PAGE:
The New York Comics & Picture-Story Symposium is a weekly forum for discussing the tradition and future of text/image work. Open to the public, it meets Monday nights at 7-9 p.m. EST in New York City. Presentations vary weekly and include everything from historical topics and technical demonstrations to creators presenting their work. Check out upcoming meetings here.
On Monday, August 18th, at the 95th New York Comics Symposium, the cartoonist and instructor Tom Motley presented a talk and workshop entitled “Composition Lessons from Comics Masters.” The talk was held at the Butler Library at Columbia University. Karen Green introduced Motley, a veteran cartoonist and educator at both SVA and Pratt. He is a prolific illustrator, and his regular comic Tragic Strip appears in the Brooklyn Rail.
After a quick demonstration, Motley explained that composition is the “invisible component we don’t think of.” He covered the basics of renaissance composition, using the now famous photo of a fight that broke out in the Ukrainian parliament, and which, coincidentally, follows the rules of the golden ratio, an ideal of classical composition.
Next, he showed some classic comics pages, pointing to how they consistently line up with geometrically perfect composition grids and highlight “harmonic points.” The cartoonist Frank Santoro is a major champion of these guidelines and even composes his pages using a light table to impose these grids in his own composition—but as Motley pointed out a lot, of this can be achieved intuitively.
Motley’s presentation consisted of three major points, which he characterized as “not principles, but considerations,” the first being: Lines of Continuation. He showed the first page of a Jack Cole Plastic Man comic as an example of an image that embodies the idea that “a story presents a single complete action.” Elements within the frame draw our eyes around, helping to tell the entire story from start to finish.
The next consideration was Harmony of Contrast, which espouses the idea that “when elements of a composition are too similar they compete for our attention” creating a sense of boredom, essentially canceling the other out. To create dynamic visual composition there needs to be variety, which creates a hierarchy that is interesting to look at. The Jack Kirby page below is an example of how the artist used distinct and new visual patterns and designs which worked together in unison:
The next consideration was Economy of Design. Motley offered up the cartoonist Alex Toth as a master of this, describing him as a “maximal minimalist.” Toth was a master at creating spaces to showcase and frame important narrative elements. His pages are full of visual clues, letting the reader know what is important by heavy use of silhouette and editing, frames that highlight a hand or a pair of emotive eyes. You don’t have to show everything to communicate the essentials of the story, and subtracting elements adds depth to what is left behind.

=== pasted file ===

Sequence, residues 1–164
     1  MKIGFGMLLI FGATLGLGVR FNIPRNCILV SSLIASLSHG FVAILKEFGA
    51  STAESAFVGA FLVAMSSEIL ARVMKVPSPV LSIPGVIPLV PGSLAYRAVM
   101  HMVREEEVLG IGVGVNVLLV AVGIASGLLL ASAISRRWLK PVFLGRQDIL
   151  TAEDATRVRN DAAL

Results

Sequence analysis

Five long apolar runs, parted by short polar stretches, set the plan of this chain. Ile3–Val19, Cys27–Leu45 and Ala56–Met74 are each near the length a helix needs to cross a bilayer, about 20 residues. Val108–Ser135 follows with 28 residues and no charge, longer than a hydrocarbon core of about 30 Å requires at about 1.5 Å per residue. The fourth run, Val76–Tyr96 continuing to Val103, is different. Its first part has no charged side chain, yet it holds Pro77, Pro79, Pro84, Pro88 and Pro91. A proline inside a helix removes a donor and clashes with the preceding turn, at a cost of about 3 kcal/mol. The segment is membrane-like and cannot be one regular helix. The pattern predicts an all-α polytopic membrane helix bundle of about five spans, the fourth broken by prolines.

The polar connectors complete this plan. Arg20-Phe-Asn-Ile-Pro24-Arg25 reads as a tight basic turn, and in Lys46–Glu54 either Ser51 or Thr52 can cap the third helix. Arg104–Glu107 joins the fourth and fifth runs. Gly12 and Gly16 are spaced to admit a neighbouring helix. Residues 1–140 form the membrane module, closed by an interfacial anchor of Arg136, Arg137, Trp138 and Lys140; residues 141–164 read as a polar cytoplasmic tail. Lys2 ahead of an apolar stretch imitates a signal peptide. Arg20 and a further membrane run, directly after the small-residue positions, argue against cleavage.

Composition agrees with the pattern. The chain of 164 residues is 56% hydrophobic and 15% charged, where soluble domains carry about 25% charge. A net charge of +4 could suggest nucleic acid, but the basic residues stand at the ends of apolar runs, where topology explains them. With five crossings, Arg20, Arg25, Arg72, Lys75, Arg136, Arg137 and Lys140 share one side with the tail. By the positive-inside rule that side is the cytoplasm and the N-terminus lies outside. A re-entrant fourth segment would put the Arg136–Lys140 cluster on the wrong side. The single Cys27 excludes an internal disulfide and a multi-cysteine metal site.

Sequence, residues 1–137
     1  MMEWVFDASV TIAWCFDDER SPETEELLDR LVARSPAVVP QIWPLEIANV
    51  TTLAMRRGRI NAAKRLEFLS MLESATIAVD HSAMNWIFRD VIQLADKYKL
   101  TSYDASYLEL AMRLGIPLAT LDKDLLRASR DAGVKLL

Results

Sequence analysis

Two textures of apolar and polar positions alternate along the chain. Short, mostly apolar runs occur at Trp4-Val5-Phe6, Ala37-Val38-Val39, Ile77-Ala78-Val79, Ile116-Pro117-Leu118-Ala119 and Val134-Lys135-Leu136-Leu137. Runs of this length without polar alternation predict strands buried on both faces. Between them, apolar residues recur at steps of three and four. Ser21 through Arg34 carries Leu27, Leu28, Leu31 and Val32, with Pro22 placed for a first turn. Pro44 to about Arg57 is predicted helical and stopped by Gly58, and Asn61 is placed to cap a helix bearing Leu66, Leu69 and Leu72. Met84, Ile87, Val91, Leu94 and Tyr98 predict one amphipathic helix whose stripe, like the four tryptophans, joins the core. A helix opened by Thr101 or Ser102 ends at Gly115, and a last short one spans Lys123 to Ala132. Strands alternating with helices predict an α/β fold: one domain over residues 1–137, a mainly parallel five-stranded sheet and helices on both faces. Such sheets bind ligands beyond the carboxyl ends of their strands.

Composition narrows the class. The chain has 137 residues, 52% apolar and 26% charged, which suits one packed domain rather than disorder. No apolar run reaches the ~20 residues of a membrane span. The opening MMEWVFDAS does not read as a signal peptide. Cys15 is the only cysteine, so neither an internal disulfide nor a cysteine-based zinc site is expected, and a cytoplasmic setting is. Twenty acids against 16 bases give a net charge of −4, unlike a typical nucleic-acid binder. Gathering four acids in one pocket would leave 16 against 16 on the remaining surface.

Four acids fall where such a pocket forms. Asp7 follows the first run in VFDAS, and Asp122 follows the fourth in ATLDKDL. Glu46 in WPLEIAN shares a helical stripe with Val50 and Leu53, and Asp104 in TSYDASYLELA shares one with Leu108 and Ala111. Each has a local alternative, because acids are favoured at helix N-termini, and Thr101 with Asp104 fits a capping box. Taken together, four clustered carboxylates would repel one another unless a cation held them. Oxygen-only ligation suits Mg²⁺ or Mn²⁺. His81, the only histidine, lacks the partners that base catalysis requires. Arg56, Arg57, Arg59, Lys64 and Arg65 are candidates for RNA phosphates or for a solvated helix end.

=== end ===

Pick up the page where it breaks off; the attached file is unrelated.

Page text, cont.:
Another concept Motley was Composition Driven Distortion. This is the idea that a composition can be enhanced by “incorrect” drawing. A beautiful and classic example is the warped arm of Edgar Degas’s bather in Le Tub (below). Her right arm is shortened, flattened out, and anatomically dubious, but were it more “correct” it would change the whole picture. As it is, it makes the composition all the more beautiful and satisfying to look at.
After establishing these aspects of comic composition, Motley invited the room to analyze several examples of sophisticated compositions. Jack Cole’s gags for Playboy garnered enthusiastic input from the audience. The cartoon below contains the repeating graphic element of the crisscross, which creates visual harmony and a way to move about the frame, as well as the differentiation (blonde against a dark background, dark hair against light) which helps organize the picture. The framing and repeated patterns draw our eyes around the page, making sure we take in all the elements of the story. Finally, the gaze of the figures within the panel creates a line of continuity that helps bring the reader’s attention down under the table (another framing device) to drive home the gag’s punch line.
After analyzing several beautiful examples of Cole’s, Toth’s, and Kirby’s art, Motley showed several weaker examples of compositional failures and near-misses. He then asked the audience why these panels and splash pages failed where the others excelled. Photocopied reproductions of “bad” compositions were passed around, along with drawing materials and work sheets so that those present could correct and play with their own and others work.
Image 1: Manzil Lajura, Ukrainian Parliament Fight Illustrates the Golden Ratio, 2014
Image 2: Jack Cole, Plastic Man, 1943
Image 3: Tom Motley, “Harmony of Contrast”, 2014
Image 4: Jack Kirby, Fantastic Four, 1961
Image 5: Alex Toth, splash page, 1974
Image 6: Jack Cole, Mother in Law, Playboy, 1954
About the author: Sophia Wiedeman is a comic artist and author of The Lettuce Girl series of comics as well as the Xeric-winning graphic novel The Deformitory. She lives and draws in New York City. You can see her work at sophiadraws.com on her tumblr at sophiadraws.tumblr.com and follow her @sophiawiedeman on Twitter.